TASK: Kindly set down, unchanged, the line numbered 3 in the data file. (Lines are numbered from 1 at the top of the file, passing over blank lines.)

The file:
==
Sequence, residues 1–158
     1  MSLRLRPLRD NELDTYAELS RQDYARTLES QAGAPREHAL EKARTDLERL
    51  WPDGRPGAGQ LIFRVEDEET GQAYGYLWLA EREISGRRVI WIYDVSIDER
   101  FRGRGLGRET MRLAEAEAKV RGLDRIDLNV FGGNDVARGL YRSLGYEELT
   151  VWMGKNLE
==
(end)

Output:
    51  WPDGRPGAGQ LIFRVEDEET GQAYGYLWLA EREISGRRVI WIYDVSIDER